Sune Luus (middle) picked up five wickets for the Protea women. Photo: Samuel Shivambu/BackpagePix

Sri Lanka 105

South Africa 107/8

SA won by 2 wickets

South Africa has won this three match series, but this was a dreadful game that ended with a horrible error, which in that single moment summed the game up in its entirety.

Neither side will have walked away from the match pleased at the way they fielded. In the case of the hosts, they gifted the Sri Lankans about 20 extra runs, while for the tourists, their fielding cost them the game. Three of South Africa’s last four boundaries  in what had turned into a tense chase  were the result of Sri Lankan miss-fields in the deep.

Fielding standards in the women’s game have improved immensely in the last three years, led by the current world T20 champions Australia. The semi-finals of this year’s Women’s Big Bash League, in which Van Niekerk, Kapp and Laura Wolvaardt all played a part were both decided by brilliant pieces of fielding.

Besides the batting, their fielding is an area South Africa have spent a lot of time working on recently, but that work was not reflected here. Two catches were missed, there were overthrows and miss-fields.

It’s somewhat ironic then that the match turned on two superb pieces of fielding by Tumi Sekhukhune. First a wonderful diving catch that ended Umesh Thimashini’s innings in the 18th over, when the 20 year old came in off the long-on boundary and threw herself to her right. “We were mocking her afterwards saying it was a straightforward catch she just waited to make it look good,” Player of the Match Sune Luus, said afterwards. “That set the tone for the rest of the innings.”

Four balls later Sekhukhune produced a fine throw from the midwicket boundary to run out Oshadi Ranasinghe. Luus is right too, those two moments did help lift the standards in the last few overs, but it also proved that there’s no reason South African can’t field like that for the whole innings.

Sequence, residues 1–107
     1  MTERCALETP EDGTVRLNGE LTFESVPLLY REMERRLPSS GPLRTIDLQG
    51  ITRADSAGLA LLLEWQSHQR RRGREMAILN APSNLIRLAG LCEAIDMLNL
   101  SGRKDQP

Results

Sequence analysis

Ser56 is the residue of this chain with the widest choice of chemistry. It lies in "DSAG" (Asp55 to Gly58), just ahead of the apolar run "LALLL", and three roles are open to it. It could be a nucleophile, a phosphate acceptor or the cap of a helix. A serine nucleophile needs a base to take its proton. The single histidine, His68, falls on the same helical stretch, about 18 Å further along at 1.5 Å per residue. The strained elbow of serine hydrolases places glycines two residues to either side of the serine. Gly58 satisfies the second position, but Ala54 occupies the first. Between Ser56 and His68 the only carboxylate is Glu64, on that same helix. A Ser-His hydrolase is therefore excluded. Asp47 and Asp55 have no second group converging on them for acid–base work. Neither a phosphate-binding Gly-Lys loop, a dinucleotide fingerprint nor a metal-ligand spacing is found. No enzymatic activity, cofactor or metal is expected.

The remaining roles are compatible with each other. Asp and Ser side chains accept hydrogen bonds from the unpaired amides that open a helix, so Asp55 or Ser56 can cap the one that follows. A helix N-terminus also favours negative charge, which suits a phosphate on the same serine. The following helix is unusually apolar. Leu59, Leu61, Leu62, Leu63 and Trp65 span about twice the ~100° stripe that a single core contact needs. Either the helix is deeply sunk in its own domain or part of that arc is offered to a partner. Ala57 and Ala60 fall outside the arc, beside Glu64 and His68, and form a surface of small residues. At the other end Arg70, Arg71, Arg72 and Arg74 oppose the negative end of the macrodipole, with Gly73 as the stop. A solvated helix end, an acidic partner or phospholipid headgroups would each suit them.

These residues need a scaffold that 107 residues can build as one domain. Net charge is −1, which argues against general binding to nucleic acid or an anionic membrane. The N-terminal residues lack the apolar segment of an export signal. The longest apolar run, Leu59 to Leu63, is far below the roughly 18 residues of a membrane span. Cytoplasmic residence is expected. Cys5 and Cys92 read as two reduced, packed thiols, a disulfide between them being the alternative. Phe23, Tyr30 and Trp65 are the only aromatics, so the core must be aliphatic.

As bad as South Africa were in the field, Sri Lanka were worse, and they cut distraught figures as they reflected on that last fielding error which gifted the game and the series to the hosts.

It had been a nervous chase from the South Africans following the dismissal of skipper Dane van Niekerk in the fourth over. Van Niekerk played aggressively scoring 33 off just 19 balls hitting six fours and a six. However once Sri Lanka employed their spinners the game changed and South Africa lurched their way through until the final over.

“We thought it would be a good batting track, but personally I didn’t expect that much turn,” said Luus, who had earlier benefited from the surface to claim 5/14, her second ‘five-for’ in her T20 International career.

From 43/1 at the end of the Power Play, South Africa scratched around getting to 92/6 after 18 overs, and eventually ended up needing eight off the last over.

The fact that five players in the middle order had 10 or less caps at this level played a part in the poor management of the chase, but credit must also go to one of those youngsters, Nadine de Klerk who kept here cool towards the latter stages of the innings.

The 19 year old hit the winning runs, finishing not out on 15 (18b, 1x4) as the Proteas got over the line with one ball to spare. “The way Nadine carried herself at the end was brilliant,” said Luus. “That’s something even the more experienced players can learn from.

We’ve talked a lot about not letting the scoreboard get to you in the middle and she kept a calm head out there.”

The third and final T20 International will be played at SuperSport Park on Wednesday.

@shockerhess


IOL Sport

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